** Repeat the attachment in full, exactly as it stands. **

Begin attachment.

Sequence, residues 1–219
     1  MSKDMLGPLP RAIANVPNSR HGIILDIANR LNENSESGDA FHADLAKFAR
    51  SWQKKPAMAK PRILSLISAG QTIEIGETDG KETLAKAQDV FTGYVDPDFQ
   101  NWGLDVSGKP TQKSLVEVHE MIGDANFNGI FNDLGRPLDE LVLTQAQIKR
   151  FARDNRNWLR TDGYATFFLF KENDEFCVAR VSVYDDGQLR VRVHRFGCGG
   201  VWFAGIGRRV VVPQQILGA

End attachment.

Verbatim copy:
Sequence, residues 1–219
     1  MSKDMLGPLP RAIANVPNSR HGIILDIANR LNENSESGDA FHADLAKFAR
    51  SWQKKPAMAK PRILSLISAG QTIEIGETDG KETLAKAQDV FTGYVDPDFQ
   101  NWGLDVSGKP TQKSLVEVHE MIGDANFNGI FNDLGRPLDE LVLTQAQIKR
   151  FARDNRNWLR TDGYATFFLF KENDEFCVAR VSVYDDGQLR VRVHRFGCGG
   201  VWFAGIGRRV VVPQQILGA